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TEXAS 2005

Twenty-three Whooping Cranes, 500 Mississippi Kites and 200 Buff-breasted Sandpipers – these were just a few of the impressive day counts logged on this year's Texas spring tour. Birdfinders had yet another incredibly successful trip to the Lone Star state with a group total of almost 300 species recorded. Our bird-packed agenda assured that there wasn't a dull moment on the entire trip and highlights, as always on the Texas tour, have been difficult to select. In terms of a sheer natural spectacle, the emergence of 17 million Brazilian Free-tailed Bats into the Texas evening sky is difficult to beat and was hugely enjoyed by all. It's become such an essential component of our three nights stay at Neal's Lodges and not to be missed.

This year we connected with virtually all of the Texas and regional specialties including Least Grebe, Muscovy and Mottled Ducks, Hook-billed Kite, Gray and White-tailed Hawks, Plain Chachalaca, Whooping Crane, Red-billed Pigeon, White-tipped Dove, Green Parakeet, Groove-billed Ani, Elf Owl, Chuck-will's-Widow, Buff-bellied Hummingbird, Ringed and Green Kingfishers, Golden-fronted and Red-cockaded Woodpeckers, Couch's Kingbird, Great Kiskadee, Green and Brown Jays, Cave Swallow, Long-billed Thrasher, Clay-colored Robin, Black-crested Titmouse, Tamaulipas Crow, Black-capped Vireo, Tropical Parula, Golden-cheeked Warbler, Bachman's and Olive Sparrows, White-collared Seedeater, Painted Bunting, Audubon's, Altimira and Scott's Orioles, and Boat-tailed Grackle. We also had great looks at Wild Turkey, Greater Roadrunner and Cactus Wren much to the pleasure of certain members of our group.

A slight change to the itinerary gave us an extra night in the Rio Grande Valley and more flexibility in "The Valley". We did very well, having extremely good views of Aplomado Falcon (not yet officially countable under ABA rules), two good views of Hook-billed Kite, our traditional Tropical Kingbirds and two major rarities – Elegant Trogon which was only the sixth state record, and Crimson-collared Grosbeak. We saw not one, but two of the latter, a male and a female. These birds were lingering in the valley after a remarkable winter influx brought multiple numbers to the Lower Rio Grande more than doubling the previous number of state records. Crimson-collared Grosbeak is endemic to north-east Mexico and an amazing find on US soil. To see two of these on one spring tour is without precedent.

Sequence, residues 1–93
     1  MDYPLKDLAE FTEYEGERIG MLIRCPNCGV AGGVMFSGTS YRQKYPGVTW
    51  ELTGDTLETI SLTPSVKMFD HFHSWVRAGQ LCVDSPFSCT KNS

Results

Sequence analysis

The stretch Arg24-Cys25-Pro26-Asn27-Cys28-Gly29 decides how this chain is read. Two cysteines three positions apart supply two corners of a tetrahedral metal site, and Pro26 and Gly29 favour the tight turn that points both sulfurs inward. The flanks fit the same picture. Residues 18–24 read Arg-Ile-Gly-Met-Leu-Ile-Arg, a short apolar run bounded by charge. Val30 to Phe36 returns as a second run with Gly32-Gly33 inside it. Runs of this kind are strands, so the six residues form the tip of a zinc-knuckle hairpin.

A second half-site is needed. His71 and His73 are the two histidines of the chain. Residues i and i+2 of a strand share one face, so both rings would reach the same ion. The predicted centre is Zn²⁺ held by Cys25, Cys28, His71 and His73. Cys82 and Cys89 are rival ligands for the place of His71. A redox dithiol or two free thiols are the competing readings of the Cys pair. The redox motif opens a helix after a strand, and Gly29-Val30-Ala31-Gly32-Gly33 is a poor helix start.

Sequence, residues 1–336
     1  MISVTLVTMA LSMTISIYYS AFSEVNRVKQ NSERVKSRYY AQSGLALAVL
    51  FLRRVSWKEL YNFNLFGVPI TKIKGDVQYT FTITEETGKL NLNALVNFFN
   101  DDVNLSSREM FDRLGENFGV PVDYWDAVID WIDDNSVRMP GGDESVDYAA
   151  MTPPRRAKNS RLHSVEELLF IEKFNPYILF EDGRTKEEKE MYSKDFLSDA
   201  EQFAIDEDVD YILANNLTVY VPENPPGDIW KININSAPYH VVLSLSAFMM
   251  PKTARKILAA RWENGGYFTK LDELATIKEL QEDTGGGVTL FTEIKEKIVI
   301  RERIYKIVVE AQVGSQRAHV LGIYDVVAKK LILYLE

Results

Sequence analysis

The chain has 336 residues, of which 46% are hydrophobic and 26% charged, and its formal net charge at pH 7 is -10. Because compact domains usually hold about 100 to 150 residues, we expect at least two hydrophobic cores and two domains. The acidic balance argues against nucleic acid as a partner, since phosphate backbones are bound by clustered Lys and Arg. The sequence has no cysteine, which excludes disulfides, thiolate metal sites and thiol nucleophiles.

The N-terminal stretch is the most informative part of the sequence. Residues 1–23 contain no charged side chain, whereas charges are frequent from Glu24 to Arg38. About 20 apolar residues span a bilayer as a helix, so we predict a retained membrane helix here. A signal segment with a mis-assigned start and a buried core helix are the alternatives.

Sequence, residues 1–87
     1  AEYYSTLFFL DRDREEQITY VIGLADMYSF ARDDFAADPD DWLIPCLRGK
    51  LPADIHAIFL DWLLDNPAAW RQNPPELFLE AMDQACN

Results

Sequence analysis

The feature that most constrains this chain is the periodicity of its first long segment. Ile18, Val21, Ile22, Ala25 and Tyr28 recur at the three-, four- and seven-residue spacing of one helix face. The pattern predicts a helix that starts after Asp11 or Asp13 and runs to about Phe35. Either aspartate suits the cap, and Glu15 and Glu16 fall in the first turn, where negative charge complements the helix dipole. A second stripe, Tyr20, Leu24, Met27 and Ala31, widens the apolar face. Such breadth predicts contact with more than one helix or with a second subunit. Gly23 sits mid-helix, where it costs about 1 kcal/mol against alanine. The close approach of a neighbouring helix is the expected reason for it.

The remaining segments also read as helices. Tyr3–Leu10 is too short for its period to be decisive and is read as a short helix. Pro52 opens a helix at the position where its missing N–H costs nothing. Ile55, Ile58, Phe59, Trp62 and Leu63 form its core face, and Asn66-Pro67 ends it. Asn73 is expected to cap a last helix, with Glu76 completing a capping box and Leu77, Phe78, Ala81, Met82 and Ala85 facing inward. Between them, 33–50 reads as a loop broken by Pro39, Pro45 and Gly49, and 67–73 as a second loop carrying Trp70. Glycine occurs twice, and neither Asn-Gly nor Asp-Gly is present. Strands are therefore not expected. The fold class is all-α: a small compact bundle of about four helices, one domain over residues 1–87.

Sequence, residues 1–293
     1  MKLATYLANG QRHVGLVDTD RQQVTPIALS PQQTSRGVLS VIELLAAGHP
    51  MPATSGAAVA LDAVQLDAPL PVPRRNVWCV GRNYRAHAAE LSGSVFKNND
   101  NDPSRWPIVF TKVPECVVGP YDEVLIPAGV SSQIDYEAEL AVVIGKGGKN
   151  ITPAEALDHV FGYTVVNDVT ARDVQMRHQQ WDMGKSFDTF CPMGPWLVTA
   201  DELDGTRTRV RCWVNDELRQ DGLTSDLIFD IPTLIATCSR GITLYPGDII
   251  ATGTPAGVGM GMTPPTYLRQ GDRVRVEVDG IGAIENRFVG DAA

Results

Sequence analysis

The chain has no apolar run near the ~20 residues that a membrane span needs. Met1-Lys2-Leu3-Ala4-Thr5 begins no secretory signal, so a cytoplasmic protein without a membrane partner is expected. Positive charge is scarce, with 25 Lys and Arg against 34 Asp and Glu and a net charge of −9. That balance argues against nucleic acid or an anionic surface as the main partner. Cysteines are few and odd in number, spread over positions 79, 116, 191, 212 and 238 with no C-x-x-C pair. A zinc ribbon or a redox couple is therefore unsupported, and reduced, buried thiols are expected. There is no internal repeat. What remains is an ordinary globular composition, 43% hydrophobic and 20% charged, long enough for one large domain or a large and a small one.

Our night excursions in the Lower Rio Grande Valley were also productive with good views of Eastern Screech and Elf Owls, Common Paraque, Chuck-will's-widow and Lesser Nighthawk, and several 'heard only' Ferruginous Pygmy Owls.

Neal's Lodges was again a pure joy, and three nights was just about the right amount of time to see all the required species and relax a little in the beautiful surroundings of the lodge. The two special birds of the region did not disappoint and we had terrific views of both Black-capped Vireo and Golden-cheeked Warbler.

On reaching the northern coast at High Island we found plenty of birders as well as birds! Although, due to the weather patterns, we never experienced a true 'fall-out', migrants were in good supply throughout most of the woodland walks. Particularly memorable amongst these were Blue-winged Warbler (six individuals seen), Yellow-throated Warbler, Prothonotary Warbler, Worm-eating Warbler (an amazing six birds seen, all close!), Kentucky Warbler, and Hooded Warbler (over a dozen found), plus numerous vireos, tanagers, buntings and orioles all producing an absolute riot of colour.

The birds of the Piney Woods were equally impressive and this year we found several singing Bachman's Sparrows near Silsbee, which was also good for Pileated Woodpecker, Brown-headed Nuthatch, Prairie Warbler and Blue Grosbeak. The ever-dwindling woodland around Houston still gave us amazing views of Red-headed and Red-cockaded Woodpeckers, and a cracking pair of Yellow-throated Vireos on the very last morning of the tour.

Green Kingfisher

Green Kingfisher